Dairy Management's CEO defends receiving $1 million pay while dairy farmers struggle to survive
The top executive at the marketing group dairy farmers are required to fund is defending his pay — routinely around $1 million — though he acknowledged struggling farmers may question the size of his paycheck.
“It’s very hard for farmers who are in these economic times to look at salaries and not question it," Thomas Gallagher, CEO of Dairy Management Inc., said in an interview with the Farm Journal's MILK.
"They certainly have a right to question it.”
Gallagher was interviewed by the trade journal after the Milwaukee Journal Sentinel reported last week his pay exceeded $1 million three times from 2013 to 2017.
Gallagher, 67, was paid $899,810 in 2017, according to documents nonprofit groups are required to file with the IRS. All told, the top 10 Dairy Management executives were paid $8 million in 2017, the most recent year for which data is available.
Included in that group was former U.S. Secretary of Agriculture Thomas Vilsack, who joined Dairy Management days after he left the White House. Vilsack was paid $800,557.
That same year, 1,600 dairy farms, including 503 in Wisconsin, closed amid a lingering crisis fueled by years of low milk prices and other factors.
Gallagher rejected repeated Journal Sentinel requests — and a two-week window — for an interview before the publication of the story. Instead, a Dairy Management spokeswoman answered questions via email.
During a phone interview, Vilsack told a reporter it was "insulting" to ask him about his pay and his move from cabinet secretary to the group.
Dairy farmers are required by federal law to pay 15 cents per hundred pounds of milk sold into the dairy checkoff program, which is overseen by the USDA.
Ten cents goes to state and regional marketing programs, such as the Dairy Farmers of Wisconsin. A nickel goes to national programs, such as Dairy Management, which has annual revenue of about $160 million.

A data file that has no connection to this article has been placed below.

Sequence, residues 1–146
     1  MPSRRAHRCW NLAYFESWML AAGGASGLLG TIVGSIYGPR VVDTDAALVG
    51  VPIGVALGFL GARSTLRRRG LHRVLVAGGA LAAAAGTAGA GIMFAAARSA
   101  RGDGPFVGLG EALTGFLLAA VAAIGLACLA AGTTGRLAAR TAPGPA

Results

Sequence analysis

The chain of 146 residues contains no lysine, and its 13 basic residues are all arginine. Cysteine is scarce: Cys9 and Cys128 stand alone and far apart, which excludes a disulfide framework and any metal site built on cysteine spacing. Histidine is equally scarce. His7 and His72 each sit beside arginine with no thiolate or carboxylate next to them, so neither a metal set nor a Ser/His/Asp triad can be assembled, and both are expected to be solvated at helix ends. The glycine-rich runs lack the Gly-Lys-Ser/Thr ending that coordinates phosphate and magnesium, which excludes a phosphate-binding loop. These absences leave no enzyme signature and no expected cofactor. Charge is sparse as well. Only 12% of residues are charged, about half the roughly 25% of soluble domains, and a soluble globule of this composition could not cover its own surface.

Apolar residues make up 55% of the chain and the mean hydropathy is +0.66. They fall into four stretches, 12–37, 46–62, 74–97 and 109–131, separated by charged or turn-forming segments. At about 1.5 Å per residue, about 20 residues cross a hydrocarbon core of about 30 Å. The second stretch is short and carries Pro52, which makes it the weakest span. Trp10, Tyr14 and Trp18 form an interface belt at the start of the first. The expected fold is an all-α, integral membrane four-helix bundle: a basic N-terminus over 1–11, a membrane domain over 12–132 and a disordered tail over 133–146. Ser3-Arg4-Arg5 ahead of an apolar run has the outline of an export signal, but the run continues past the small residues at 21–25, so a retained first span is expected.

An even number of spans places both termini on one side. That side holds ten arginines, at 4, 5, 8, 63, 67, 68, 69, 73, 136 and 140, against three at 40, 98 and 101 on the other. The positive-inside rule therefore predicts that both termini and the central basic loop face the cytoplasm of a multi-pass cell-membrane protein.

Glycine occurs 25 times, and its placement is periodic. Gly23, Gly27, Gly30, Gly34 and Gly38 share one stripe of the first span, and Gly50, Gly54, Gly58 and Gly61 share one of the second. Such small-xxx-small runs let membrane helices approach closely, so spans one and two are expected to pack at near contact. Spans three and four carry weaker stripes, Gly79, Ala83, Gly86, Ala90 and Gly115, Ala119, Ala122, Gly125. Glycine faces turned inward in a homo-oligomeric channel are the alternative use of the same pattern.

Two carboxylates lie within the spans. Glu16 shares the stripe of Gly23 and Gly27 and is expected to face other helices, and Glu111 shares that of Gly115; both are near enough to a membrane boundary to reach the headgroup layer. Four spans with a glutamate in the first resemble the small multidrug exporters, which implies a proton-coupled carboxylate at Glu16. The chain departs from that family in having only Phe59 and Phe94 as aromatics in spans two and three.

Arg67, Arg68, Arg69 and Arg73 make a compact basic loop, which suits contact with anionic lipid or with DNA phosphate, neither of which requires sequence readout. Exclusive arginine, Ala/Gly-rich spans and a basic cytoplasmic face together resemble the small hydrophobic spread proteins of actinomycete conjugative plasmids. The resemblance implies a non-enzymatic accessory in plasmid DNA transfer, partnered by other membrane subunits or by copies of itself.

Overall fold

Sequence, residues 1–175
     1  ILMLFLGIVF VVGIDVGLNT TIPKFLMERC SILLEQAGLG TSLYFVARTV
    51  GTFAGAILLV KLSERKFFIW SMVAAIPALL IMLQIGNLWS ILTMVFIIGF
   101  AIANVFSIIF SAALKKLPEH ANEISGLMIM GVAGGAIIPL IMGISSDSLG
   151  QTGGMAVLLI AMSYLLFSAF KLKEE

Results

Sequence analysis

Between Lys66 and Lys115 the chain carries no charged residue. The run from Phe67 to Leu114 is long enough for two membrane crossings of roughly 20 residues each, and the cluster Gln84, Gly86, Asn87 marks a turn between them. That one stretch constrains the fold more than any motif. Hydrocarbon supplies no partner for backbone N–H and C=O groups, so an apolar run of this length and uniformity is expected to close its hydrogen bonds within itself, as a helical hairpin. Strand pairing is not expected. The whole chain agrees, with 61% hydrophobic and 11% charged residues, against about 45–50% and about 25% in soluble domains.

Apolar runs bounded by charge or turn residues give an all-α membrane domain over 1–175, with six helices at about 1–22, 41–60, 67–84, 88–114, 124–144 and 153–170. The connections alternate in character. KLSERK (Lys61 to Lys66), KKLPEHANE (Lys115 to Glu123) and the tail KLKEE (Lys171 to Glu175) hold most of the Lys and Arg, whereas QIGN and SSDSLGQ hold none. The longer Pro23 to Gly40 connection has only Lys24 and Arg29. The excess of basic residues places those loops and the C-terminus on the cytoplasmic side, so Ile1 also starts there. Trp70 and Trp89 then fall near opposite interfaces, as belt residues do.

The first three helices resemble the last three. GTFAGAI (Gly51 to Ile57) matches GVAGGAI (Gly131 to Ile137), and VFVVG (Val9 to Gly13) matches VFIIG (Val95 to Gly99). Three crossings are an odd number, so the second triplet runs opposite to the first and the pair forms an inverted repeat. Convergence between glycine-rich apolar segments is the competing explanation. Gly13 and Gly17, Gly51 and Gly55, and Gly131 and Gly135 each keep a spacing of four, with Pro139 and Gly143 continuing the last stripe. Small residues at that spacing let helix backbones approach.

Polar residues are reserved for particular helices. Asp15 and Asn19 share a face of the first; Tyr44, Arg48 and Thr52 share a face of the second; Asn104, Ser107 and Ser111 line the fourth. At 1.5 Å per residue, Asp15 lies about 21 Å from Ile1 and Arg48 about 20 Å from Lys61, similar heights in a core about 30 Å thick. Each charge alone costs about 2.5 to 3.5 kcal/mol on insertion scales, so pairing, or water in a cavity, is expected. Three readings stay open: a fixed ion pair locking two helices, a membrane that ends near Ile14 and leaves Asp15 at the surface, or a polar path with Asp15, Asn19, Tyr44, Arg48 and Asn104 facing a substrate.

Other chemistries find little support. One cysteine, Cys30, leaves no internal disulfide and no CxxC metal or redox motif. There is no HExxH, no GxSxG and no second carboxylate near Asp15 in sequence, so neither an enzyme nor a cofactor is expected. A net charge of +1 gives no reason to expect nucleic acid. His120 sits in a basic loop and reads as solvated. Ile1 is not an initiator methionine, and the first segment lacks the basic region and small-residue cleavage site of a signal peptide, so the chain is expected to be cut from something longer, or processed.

There are nearly two-dozen checkoff programs covering everything from farmers producing honey or growing Christmas trees to cattle ranchers and pork producers.
The payments are mandated by Congress. Bills to make the payments voluntary and to increase transparency in the programs have been introduced but not passed.
One pending bipartisan measure is co-sponsored by Sen. Mike Lee, R-Utah, Sen. Rand Paul, R-Kentucky, and two Democratic presidential hopefuls, Elizabeth Warren of Massachusetts and Cory Booker of New Jersey.
"Sen. Lee believes farmers ought to have the right to know exactly how the checkoff dollars they are forced to pay are being spent," a spokesman said in an email to the Journal Sentinel.
The checkoff programs collected a combined $895 million last year with nearly half of that amount — more than $420 million — coming from dairy producers.
Dairy producers also pay more than other farmers, the Journal Sentinel investigation found. They pay about 80 cents per $100 sold into the program — twice what pork producers pay and more than 10 times what beef producers pay.
“I can certainly understand (dairy) producer concerns, particularly at a time when we are in very difficult economic times for dairy farmers and for the dairy culture in general," Gallagher told the Farm Journal's MILK in an article posted this week.
In the article, Gallagher defended his pay saying farmers "have to rely on the other farmers that are elected to these boards to look at the data and say, look, we’re competing with and working with the largest food companies in the world. If you want to do that, you have to have the people with the talent and decades of experience to do that.”
Members of the 81-person Dairy Management board are appointed by the U.S. secretary of agriculture or named by regional bodies that receive checkoff dollars.
"Anybody who has ever looked at compensation in any business, you compare the job you’re looking at to comparable jobs in terms of budget size, impact and a number of factors," Gallagher told the publication. "And that’s what our board does.”
Pay packages reported to the IRS include salary, bonuses, retirement, deferred compensation and other benefits.
Gallagher's pay in 2015 and 2016 was more than twice the median paid to CEOs at large nonprofits those years, according to Candid, formerly known as GuideStar, a group that analyzes nonprofits.
He was paid $1.36 million in 2015 and just over $1 million in 2016.
To read Dairyland in Distress, an examination of the factors behind the dairy crisis and its toll on farmers, go to jsonline.com/dairycrisis.